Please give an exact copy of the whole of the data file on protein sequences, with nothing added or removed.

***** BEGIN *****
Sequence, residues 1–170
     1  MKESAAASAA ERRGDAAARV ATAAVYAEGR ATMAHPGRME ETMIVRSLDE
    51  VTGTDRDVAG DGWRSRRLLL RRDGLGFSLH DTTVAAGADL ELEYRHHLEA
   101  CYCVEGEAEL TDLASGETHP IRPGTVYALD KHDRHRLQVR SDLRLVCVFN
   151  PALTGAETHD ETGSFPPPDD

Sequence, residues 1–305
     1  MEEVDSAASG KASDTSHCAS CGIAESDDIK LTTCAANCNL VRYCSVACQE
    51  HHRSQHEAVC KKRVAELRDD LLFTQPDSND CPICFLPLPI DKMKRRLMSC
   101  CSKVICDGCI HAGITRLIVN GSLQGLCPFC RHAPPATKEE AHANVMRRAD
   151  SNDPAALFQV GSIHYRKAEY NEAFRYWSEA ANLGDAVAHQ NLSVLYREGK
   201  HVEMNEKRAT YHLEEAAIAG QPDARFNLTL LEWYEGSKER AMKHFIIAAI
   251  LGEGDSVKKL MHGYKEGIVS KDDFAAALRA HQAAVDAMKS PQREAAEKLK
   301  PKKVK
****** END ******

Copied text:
Sequence, residues 1–170
     1  MKESAAASAA ERRGDAAARV ATAAVYAEGR ATMAHPGRME ETMIVRSLDE
    51  VTGTDRDVAG DGWRSRRLLL RRDGLGFSLH DTTVAAGADL ELEYRHHLEA
   101  CYCVEGEAEL TDLASGETHP IRPGTVYALD KHDRHRLQVR SDLRLVCVFN
   151  PALTGAETHD ETGSFPPPDD

Sequence, residues 1–305
     1  MEEVDSAASG KASDTSHCAS CGIAESDDIK LTTCAANCNL VRYCSVACQE
    51  HHRSQHEAVC KKRVAELRDD LLFTQPDSND CPICFLPLPI DKMKRRLMSC
   101  CSKVICDGCI HAGITRLIVN GSLQGLCPFC RHAPPATKEE AHANVMRRAD
   151  SNDPAALFQV GSIHYRKAEY NEAFRYWSEA ANLGDAVAHQ NLSVLYREGK
   201  HVEMNEKRAT YHLEEAAIAG QPDARFNLTL LEWYEGSKER AMKHFIIAAI
   251  LGEGDSVKKL MHGYKEGIVS KDDFAAALRA HQAAVDAMKS PQREAAEKLK
   301  PKKVK